About Me


Powered by Blogger.
Friday, November 25, 2011

Can our love of sports save us from neoplatonic mysticism?

After reading this article in the New York Times, I wondered if sports, and football in particular, have become such a destructive force in our society, that Christians ought to avoid any affiliation with them at all.  When I consider that many sports are extremely violent, and nothing more than sanitized (maybe) war games sucking billions upon billions of dollars in resources public and private from our national economy that might be put to more productive uses, like education, it gives me pause.  When I consider the strong association between some sports and domestic violence, I worry that sports are not just violent endeavors, but actually promote violence in society at large.  When I consider the time I waste on sports rather than in productive activities like raking leaves and splitting wood, or working on a sermon, I feel a twinge of guilt.  When I consider the arguments of this book, and this column, the guilt gets a little heavier.  Is our national obsession with sports really that idolatrous?  Is it poisoning our political culture, sucking political energy away from where it might be productive, and putting it into silly games?  What about all the time and money sports take away from the church and its mission?

For those of you feeling guilty or defensive by this first paragraph, take heart, this post is about to take a turn. For those of you feeling smug or self righteous, don't get too comfortable on your high horse.

The first paragraph takes me back to a Walter Mitty moment two years ago.  My second cousin, Brad Mills, had been named field manager for the Houston Astros.  As second cousins, Brad and I share great grandparents and one of the more tragic stories in family history, so I feel a kinship with him.  Not wanting to hide myself from my kin, we arranged to travel to Houston during the opening week of the baseball season to cheer him on and hopefully meet him.  In one of my Walter Mitty moments of day dreaming, I imagined being invited into the clubhouse to pray before the game (me being a pastor and all).  When I would come to, after this recurring day dream, it would hit me.  What on earth could I possibly say in a prayer in such a profane setting as a Major League Baseball game?  The cost of building the stadium was outrageous.  The players salaries were obscene.  The competitive spirit required to get to such a lofty level as the major leagues was downright pagan (in the Nietzchean sense).  Performance enhancing drugs?  Players treated as chattel?

What does a Mennonite pastor pray in such a profane setting?  God help these poor sinners to repent?

I never ended up praying in the Astros clubhouse (at least not yet), but my Walter Mitty fantasy at least had a happy ending.

It hit me, sports can be a wholesome celebration of God's creation, the human body.  Neoplatonic mysticism (and perhaps some cousins in the gnostic family) has effectively wormed its way into the popular consciousness of Christians in our time.  Perhaps this is most evident at funerals when we try hard to ignore the corporeal reality of the deceased and turn his or her primary essence into some kind of disembodied spirit which migrates at the time of death to God's side (or wherever it is destined to go), leaving the body, just a shell in this narrative, to rot in the earth or be burned.  This isn't remotely close to Christian proclamation.  The church proclaims the embodied resurrection of the dead, just as Jesus rose embodied from the grave.  This is profoundly important for a variety of reasons.  Many of them have to do with how we live our lives here.  The senses matter.  Our physical existence here and now is very much a part of the life of faith, it is sacramental.  Another has to do with our bodies as God's creation.  These are to be celebrated and enjoyed in all their physicality, with gratitude and wonder.  This includes all of us.  All of our bodies are beautiful, and capable of doing remarkable things.  The earth itself is God's creation, and requires our stewardship as God's gift to us, not our abuse as something profane doomed to be destroyed.  As Christians we are permitted to hate the corruption of God's creation into something evil, we are not permitted to hate creation, and this includes our own bodies.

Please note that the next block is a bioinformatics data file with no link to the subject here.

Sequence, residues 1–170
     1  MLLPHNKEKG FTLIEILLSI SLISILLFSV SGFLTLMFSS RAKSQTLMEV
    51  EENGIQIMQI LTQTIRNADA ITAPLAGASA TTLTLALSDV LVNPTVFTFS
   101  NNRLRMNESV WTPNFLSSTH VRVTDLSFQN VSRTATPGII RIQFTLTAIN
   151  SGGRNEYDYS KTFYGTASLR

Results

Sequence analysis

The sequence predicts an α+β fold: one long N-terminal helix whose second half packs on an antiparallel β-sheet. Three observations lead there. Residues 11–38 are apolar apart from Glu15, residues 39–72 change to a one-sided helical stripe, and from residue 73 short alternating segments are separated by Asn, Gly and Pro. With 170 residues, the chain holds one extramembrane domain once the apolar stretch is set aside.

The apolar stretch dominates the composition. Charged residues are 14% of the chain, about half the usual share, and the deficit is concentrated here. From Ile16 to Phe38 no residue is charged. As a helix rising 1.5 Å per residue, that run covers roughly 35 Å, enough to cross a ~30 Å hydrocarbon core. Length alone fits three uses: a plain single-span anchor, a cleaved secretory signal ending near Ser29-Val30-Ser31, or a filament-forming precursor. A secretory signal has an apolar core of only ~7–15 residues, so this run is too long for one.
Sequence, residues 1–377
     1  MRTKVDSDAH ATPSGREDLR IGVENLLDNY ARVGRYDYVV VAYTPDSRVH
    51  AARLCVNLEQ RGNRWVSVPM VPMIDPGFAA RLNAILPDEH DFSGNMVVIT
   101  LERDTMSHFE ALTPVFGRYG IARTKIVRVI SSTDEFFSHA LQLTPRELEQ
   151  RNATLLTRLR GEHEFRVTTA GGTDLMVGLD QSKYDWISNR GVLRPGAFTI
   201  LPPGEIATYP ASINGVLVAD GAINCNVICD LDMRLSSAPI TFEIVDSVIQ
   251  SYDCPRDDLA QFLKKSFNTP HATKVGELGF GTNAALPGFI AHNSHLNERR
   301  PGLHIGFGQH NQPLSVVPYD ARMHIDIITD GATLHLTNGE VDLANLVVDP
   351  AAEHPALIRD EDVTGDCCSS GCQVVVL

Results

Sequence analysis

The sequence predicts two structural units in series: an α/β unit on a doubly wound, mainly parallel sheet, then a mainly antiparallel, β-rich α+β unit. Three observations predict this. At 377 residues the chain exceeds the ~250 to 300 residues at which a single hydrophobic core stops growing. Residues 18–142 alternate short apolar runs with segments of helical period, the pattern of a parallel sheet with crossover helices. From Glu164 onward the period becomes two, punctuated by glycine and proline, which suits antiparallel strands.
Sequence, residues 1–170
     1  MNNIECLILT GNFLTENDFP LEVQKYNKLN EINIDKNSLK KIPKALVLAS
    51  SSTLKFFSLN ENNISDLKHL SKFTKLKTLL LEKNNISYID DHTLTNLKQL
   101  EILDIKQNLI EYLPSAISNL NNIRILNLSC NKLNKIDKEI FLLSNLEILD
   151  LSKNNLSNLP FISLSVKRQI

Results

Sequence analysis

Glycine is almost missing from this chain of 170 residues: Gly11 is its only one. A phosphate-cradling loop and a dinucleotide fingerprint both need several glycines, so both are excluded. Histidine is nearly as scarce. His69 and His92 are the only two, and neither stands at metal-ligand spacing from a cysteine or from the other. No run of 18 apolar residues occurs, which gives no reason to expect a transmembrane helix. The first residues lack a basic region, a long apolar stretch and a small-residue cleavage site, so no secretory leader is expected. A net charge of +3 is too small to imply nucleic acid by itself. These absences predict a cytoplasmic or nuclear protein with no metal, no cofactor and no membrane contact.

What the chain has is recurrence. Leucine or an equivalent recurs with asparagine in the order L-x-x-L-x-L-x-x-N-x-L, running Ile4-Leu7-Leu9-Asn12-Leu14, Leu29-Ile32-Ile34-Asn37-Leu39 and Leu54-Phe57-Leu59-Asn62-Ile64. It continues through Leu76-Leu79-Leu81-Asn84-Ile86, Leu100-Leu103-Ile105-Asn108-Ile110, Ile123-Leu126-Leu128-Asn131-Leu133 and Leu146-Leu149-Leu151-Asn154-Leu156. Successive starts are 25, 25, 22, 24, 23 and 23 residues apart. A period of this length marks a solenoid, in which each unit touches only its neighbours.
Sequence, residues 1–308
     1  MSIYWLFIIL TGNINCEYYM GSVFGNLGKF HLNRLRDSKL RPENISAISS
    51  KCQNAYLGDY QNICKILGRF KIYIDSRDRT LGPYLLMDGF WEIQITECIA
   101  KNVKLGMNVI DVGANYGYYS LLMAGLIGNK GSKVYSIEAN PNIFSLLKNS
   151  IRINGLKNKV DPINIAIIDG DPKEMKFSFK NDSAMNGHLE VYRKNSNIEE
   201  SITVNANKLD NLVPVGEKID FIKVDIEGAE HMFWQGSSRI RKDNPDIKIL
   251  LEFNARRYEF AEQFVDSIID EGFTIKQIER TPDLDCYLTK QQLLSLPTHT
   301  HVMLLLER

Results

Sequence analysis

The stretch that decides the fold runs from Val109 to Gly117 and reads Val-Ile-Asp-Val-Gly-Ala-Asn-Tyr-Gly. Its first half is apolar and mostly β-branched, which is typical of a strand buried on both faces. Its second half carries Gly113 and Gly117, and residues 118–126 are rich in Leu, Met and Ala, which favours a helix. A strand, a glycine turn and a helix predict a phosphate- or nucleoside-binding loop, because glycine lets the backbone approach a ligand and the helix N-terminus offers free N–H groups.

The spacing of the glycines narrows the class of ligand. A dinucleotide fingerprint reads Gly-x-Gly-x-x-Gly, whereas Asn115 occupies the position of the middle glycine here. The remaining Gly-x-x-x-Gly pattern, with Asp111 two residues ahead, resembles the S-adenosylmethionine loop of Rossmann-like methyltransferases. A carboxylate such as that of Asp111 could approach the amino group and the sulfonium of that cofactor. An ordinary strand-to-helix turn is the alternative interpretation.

The church's doctrine of analogia entis (the analogy of being) has come into ill repute in the wake of magisterial Protestantism's (e.g. Luther and Calvin) emphasis on the total depravity of humankind.  But it is a doctrine worth reviving, and perhaps our national obsession with sports can help us do it.  Analogia entis cannot be summarized easily, but at its core it asserts that God's creation (including we God's creatures) still reflects God's glory, albeit only in part (through a glass darkly).  Our bodies (all of our bodies!) are not just shells, weigh stations for maturing spirits, but themselves are bearers of the glory of the creator, even if only the dimmest reflection.

So when we participate in, watch at, pray for, the games at which we play, remember that the glory of a high jump, a great catch, an impossible goal, is the glory of the one who created our bodies.


John Jay Smith and Joann Yoder Smith said...

Your reflections got me thinking, which I assume you hope will happen. Lots of physical activity for everyone? - yes, for sure. Professional sports? - it's harder for me to see the value, although I don't intend to argue with those who are convinced of their value.